The study included 60 patients with STEMI legible for primary PCI admitted to National Heart Institute from May 2014 till January 2015 to compare the usage of thrombus aspiration devices vs conventional primary PCI on outcome. Patients were divided into 2 groups; group A: 30 patients were subjected to primary PCI only and group B: 30 patients were subjected to thrombectomy device before proceeding to the primary PCI. The mean age of the study population was 54.9±10.9 without significant difference between two groups, where the mean age in group A was 57.6±9.7 vs. 52.1±11.5 in group B (P=0.05). Also no significant difference between two groups as regard to gender (p=0.35), diabetes mellitus (p=0.43), hypertension (p=0.3) and Smoking (p=0.07) (Table 1).

Variable

Group A (n=30)

Group B (n=30)

Total (No.=60)

Test

P- Value

%

%

%

Age

Mean±SD; (range)

57.6±9.7; (42-80)

52.1±11.5; (31-70)

54.9±10.9; (31-60)

t= 2.00

0.05

Gender

Female

16.7

26.7

21.7

Χ2 0.88

0.35

Male

83.3

73.3

78.3

DM

No

56.7

66.7

61.7

Χ2 0.63

0.43

Yes

43.3

33.3

38.3

HTN

No

43.3

56.7

50

Χ2 1.07

0.3

Yes

56.7

43.3

50

Smoking

No

53.3

30

41.7

Χ2 3.36

0.07

Yes

46.7

70

58.3

Table 1: Demographic date of the study population.

Time from symptom onset to admission to CCU

There was no significant difference between 2 groups as regard to time from symptom onset to admission to CCU. Within the first 3 h; 23.3% of the patients were admitted (p=0.54), 22% were admitted within 3-6 h (p=0.59) and 24% were admitted after 6 h (p=0.29).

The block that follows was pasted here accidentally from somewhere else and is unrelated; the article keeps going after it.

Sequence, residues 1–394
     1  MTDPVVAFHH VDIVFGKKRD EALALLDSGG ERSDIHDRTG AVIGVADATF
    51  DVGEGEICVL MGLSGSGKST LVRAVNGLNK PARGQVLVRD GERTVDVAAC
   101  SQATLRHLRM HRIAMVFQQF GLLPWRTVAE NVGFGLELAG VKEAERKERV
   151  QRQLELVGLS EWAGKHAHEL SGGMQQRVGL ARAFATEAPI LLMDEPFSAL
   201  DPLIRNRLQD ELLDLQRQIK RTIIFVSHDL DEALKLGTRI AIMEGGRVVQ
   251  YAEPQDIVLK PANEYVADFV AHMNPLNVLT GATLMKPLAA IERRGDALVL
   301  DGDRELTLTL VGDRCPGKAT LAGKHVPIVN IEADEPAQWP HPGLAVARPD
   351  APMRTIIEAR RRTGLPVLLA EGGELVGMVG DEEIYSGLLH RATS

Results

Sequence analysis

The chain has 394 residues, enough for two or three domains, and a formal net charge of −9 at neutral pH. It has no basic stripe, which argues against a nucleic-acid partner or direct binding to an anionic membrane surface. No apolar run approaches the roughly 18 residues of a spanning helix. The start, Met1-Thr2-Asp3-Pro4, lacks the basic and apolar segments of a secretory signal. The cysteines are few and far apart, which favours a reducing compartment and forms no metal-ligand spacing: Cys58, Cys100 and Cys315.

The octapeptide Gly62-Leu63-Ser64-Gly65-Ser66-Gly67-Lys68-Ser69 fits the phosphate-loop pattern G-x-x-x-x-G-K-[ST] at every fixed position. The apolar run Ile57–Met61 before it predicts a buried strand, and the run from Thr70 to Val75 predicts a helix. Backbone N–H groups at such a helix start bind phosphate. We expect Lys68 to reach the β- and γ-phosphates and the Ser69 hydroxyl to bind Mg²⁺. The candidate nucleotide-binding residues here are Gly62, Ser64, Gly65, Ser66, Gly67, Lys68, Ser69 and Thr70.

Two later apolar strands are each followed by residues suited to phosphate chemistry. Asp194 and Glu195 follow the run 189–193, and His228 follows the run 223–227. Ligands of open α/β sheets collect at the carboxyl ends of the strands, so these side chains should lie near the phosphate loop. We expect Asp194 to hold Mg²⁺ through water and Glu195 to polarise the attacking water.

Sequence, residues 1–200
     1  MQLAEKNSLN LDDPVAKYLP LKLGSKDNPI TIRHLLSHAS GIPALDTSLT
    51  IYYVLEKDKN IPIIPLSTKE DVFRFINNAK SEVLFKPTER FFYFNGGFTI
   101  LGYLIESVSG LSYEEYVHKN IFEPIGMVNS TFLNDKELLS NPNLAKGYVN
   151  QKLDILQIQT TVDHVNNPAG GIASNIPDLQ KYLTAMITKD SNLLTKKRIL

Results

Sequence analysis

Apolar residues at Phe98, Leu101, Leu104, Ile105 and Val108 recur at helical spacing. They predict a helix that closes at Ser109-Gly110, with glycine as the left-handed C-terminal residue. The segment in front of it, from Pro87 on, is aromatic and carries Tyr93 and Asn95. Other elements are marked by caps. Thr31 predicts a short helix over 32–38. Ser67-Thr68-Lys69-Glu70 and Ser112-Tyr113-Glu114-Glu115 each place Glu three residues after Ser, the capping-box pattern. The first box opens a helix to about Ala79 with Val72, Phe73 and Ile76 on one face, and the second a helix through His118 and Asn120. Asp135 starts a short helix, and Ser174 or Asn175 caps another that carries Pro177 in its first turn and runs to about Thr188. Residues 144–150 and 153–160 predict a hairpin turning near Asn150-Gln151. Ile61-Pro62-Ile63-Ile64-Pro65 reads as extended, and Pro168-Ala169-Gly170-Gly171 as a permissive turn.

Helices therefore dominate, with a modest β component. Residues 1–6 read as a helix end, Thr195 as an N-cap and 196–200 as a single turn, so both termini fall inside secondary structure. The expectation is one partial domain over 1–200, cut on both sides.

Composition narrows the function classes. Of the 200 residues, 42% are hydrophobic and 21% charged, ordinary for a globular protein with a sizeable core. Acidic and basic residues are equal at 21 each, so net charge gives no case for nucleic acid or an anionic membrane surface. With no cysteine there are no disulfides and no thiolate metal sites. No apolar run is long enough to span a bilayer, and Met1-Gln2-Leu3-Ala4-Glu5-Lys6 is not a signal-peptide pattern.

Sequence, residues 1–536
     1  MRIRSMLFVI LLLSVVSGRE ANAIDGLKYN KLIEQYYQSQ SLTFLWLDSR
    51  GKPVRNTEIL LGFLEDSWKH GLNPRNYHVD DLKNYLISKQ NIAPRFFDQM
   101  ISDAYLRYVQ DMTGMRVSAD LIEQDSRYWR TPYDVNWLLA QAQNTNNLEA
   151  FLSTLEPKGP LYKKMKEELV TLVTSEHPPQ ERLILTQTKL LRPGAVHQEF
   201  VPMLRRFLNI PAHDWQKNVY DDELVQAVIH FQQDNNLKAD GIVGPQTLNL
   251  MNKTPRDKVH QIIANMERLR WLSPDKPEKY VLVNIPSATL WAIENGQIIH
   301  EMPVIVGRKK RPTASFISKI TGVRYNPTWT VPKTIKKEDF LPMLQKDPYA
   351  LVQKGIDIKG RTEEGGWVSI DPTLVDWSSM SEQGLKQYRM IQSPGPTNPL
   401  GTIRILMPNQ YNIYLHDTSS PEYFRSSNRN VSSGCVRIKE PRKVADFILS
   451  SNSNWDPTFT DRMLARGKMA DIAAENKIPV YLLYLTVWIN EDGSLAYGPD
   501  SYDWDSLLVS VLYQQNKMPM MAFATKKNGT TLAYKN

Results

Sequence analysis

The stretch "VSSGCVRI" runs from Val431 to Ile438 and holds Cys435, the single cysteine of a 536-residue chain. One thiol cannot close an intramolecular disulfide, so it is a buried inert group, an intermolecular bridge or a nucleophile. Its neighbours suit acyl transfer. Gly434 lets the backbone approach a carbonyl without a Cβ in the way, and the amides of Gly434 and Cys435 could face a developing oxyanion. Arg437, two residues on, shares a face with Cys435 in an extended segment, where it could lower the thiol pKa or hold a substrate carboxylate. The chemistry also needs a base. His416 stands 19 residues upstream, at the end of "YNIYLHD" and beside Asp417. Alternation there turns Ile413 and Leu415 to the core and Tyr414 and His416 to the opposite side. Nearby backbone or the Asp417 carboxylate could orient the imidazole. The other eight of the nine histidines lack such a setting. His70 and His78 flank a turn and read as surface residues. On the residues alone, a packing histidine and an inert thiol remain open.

PCI data

XB guiding catheter was used in all patients who had LAD as the target artery. While JR catheter was used in those who had RCA as the target artery, floppy wire was used in 33.3% of cases, while coated wire was used in 66.7%. Predilatation was done in all cases of conventional group. Manual aspiration devices were used in all study group for aspiration devices. Implantation of BMS was performed in 90% of patients (42% in group A and 48% in group B), 10% of patients had DES (4% in group A vs 6% in group B), 70% of patients had 1 stent (36% in group A vs 33% in group B) while 30% patients had 2 stents (16.6% in group A vs 13.3% in Group B).

The mean stent diameter was 3.2±0.8 mm while the mean stent length was 15±3.3mm in both groups. The mean implantation pressure was 13.5±1 ATM. Post dilatation was done in 12% of patients due to residual stenosis relatively more in group A (7%) than in Group B (5%) with no statistical significance.

Improvement in TIMI flow grade after PPCI

There was significant improvement in the TIMI flow grade after PPCI but there was no significant difference between two groups; TIMI flow grade 0 improved from 86.7 to 1.7%, TIMI grade I from 6.7% to 1.7%, TIMI grade II from 3.3% to 6.7% and TIMI grade III from 0% to 86.7%. Figure 1-3 of patient of group B.

Figure 1: Shows ECG and coronary angiography at time of presentation.
Figure 2: Shows stent implantation after thrombus aspiration and TIMI flow grade III.
Figure 3: ECG 90 min after.

Myocardial Blush Grades after PPCI